A story. Domino's Pizza took hits over the last two years: 1) gross-out videos posted on YouTube by employees "tampering" with the food (don't ask), and 2) harsh customer criticism of the company's pizza on social networks. The company's CEO decided to go on the offensive, firing and suing the wayward employees and using social to develop a better pizza. I call the latter tactic Social Sigma -- using digital feedback to improve products.
Did it work? Phil Lozen, the social media specialist at Domino's, reports that customers have been thrilled with the company's honesty and candor. If you watch some of their videos and TV spots, they highlight tough social critics who blogged and tweeted about cardboard crust, ketchup sauce, and bland, boring pizza. “Sometimes it was difficult to hear,” said Chris Brandon, a Domino’s PR manager, “but ultimately it’s what inspired us.” It worked: the company's Q3 2010 revenue was up 15% over last year.
A few Forresterites and I ordered Domino's pizza today (shown at left). Scores were high across the board (an average of 8 out of 10) with words like "impressive," "fresh," "not greasy," and "very surprising" spoken all around. I have three boys so I've consumed a lot of pizza over the last ten years -- Domino's satisfied my tuned palate.
Social Sigma is the use of social networks to improve products and services. I first talked about it here. I counseled CEOs to pay attention -- social will represent an important new font of data and feedback for product development and refinement.
Forrester's data reveals the growth of social critiques -- the front end of Social Sigma. 6% of online Americans post ratings and reviews of products at least monthly, up from 5% last year. 25% of online adults read these ratings and reviews at least monthly. The trend is more pronounced for young consumers aged 25-34, 32% of whom use reviews every month to make purchase decisions.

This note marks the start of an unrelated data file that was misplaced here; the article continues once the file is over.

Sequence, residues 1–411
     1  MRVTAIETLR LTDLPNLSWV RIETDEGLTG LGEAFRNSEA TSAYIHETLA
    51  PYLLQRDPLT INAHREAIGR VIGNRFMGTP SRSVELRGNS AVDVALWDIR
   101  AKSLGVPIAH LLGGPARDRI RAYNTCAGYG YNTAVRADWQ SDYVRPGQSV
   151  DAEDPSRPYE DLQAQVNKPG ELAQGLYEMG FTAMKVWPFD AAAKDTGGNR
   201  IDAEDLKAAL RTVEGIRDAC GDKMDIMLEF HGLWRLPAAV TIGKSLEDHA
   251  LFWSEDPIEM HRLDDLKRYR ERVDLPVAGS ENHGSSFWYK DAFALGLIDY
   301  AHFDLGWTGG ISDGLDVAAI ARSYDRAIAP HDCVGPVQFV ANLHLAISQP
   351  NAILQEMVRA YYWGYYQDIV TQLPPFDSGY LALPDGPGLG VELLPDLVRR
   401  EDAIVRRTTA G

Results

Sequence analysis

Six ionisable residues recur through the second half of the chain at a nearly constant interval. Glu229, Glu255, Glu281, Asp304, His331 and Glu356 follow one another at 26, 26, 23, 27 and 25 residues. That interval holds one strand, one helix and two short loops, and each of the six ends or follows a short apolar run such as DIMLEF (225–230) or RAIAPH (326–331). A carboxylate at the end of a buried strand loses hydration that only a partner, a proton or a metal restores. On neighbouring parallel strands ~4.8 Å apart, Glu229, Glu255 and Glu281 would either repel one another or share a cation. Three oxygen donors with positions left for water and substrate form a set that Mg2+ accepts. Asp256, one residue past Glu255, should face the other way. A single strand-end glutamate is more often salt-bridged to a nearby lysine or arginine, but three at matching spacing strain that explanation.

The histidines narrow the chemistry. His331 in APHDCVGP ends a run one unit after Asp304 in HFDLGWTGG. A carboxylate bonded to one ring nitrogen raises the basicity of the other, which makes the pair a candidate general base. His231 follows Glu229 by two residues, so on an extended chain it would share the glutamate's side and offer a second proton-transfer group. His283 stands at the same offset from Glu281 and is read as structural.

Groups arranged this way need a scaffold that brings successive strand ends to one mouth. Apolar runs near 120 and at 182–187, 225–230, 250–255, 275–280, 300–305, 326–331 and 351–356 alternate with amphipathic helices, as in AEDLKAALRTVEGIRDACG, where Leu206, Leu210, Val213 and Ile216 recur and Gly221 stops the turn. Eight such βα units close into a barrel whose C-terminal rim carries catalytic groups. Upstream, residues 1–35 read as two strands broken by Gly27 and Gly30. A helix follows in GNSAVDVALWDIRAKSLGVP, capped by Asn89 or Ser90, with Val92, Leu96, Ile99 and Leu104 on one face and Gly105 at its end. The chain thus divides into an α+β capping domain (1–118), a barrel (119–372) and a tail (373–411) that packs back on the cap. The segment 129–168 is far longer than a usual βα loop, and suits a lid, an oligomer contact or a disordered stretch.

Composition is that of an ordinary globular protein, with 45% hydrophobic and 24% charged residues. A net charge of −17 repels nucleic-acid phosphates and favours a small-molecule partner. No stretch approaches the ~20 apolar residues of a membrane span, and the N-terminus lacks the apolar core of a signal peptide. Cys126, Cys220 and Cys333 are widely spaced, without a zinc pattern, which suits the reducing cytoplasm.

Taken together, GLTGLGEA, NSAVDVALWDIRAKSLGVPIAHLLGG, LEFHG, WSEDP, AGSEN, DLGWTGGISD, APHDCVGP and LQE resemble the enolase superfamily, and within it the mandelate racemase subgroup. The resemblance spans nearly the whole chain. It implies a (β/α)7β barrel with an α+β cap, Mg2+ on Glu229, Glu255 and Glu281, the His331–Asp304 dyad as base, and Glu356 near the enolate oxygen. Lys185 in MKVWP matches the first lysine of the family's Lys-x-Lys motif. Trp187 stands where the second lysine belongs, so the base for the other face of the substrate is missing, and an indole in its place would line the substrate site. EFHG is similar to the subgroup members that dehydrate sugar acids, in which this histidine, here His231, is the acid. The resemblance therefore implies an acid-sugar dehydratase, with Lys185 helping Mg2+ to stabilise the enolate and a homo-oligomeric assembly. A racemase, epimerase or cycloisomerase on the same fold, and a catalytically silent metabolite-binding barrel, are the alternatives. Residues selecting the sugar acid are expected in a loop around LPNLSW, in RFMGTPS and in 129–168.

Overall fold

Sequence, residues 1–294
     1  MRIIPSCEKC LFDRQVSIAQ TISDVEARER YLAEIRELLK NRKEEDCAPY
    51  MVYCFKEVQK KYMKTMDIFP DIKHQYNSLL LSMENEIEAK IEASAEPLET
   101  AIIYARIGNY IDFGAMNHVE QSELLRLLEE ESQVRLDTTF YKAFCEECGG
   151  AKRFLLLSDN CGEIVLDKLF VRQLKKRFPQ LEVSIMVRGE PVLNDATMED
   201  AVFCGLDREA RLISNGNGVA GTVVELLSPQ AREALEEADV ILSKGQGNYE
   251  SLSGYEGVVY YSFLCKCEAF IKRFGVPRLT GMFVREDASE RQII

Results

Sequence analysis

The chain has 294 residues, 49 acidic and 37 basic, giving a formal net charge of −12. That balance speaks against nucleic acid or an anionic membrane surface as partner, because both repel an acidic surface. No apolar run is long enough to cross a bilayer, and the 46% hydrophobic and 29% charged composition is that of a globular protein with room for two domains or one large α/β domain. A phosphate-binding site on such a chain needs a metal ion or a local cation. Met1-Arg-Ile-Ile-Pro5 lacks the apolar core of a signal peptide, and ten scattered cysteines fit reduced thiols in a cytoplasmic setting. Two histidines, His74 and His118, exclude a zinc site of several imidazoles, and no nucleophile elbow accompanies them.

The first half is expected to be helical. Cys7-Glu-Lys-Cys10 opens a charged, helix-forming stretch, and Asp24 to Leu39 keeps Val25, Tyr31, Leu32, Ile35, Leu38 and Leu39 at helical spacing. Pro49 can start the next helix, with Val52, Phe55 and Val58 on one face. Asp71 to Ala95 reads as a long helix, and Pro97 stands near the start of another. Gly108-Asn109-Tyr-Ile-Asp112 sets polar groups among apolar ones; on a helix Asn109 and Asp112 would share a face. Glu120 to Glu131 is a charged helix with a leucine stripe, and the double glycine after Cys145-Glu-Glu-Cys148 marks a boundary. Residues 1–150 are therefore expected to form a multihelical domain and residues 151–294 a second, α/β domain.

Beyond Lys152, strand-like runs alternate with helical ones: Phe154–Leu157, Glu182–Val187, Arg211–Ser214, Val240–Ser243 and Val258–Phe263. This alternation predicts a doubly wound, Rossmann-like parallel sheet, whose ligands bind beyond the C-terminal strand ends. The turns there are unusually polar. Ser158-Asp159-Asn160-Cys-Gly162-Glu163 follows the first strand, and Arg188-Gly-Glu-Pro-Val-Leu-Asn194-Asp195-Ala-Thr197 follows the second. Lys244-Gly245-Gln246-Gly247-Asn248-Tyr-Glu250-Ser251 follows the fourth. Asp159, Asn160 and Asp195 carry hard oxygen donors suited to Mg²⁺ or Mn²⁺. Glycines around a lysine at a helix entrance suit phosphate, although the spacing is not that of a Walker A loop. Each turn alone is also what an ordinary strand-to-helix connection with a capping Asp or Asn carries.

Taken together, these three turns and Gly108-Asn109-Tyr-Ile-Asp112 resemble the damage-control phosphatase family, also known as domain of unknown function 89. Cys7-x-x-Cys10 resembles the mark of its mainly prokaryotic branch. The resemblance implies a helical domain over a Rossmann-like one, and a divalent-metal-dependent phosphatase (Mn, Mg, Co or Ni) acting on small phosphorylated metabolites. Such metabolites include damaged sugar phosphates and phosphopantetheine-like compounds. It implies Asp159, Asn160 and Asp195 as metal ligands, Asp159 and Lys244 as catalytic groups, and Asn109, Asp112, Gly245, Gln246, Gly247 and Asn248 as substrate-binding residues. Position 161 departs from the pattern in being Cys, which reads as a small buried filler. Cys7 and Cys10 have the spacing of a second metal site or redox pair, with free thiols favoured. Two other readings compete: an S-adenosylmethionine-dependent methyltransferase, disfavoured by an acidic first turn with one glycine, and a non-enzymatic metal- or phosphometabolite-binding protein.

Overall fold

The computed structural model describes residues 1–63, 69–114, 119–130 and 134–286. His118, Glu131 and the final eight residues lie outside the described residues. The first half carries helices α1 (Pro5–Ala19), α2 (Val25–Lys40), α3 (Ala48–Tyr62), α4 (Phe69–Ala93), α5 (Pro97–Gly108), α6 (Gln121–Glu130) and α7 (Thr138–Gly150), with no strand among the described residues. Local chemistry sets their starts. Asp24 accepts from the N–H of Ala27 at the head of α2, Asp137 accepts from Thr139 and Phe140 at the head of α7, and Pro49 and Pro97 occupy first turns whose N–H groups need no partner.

As shown in Forrester's graphic on the left, consumers are using diverse channels, led by Facebook, to voice their opinions online.
What does all of this mean about Social Sigma for large companies?
1)Tune in. This may sound obvious. But Forrester estimates that one in five companies do not participate in the social realm, and another one in three have no coordinated social strategy. This means that more than half of you are unprepared to handle Social Sigma. Companies work in three dimensions -- social needs to become the fourth.
2) Tune in lots of stations. As shown above, social feedback isn't restricted to one or two sources -- you're going to have to listen to a wide variety of sites to create a full picture.
Quickly: Mark Zuckerberg's skills as a CEO are overrated.
Content: What can Mark Zuckerberg, CEO of Facebook, teach other CEOs? Not very much. To date, he is a one-trick pony -- a leader who has expertly refined and polished one very, very big idea -- remaining unproven beyond the borders of that idea.
Zuckerberg's media profile vastly overshoots his abilities. David Kirkpatrick’s The Facebook Effect describes him as ". . . a natural CEO" and ". . . a visionary business leader." In the October issue of Vanity Fair, Zuckerberg is named No. 1 in the magazine’s power ranking of the New Establishment, just ahead of Steve Jobs, the leadership of Google, and Rupert Murdoch. The magazine declares him “Our new Caesar.” The movie The Social Network portrays him as the successor to Bill Gates.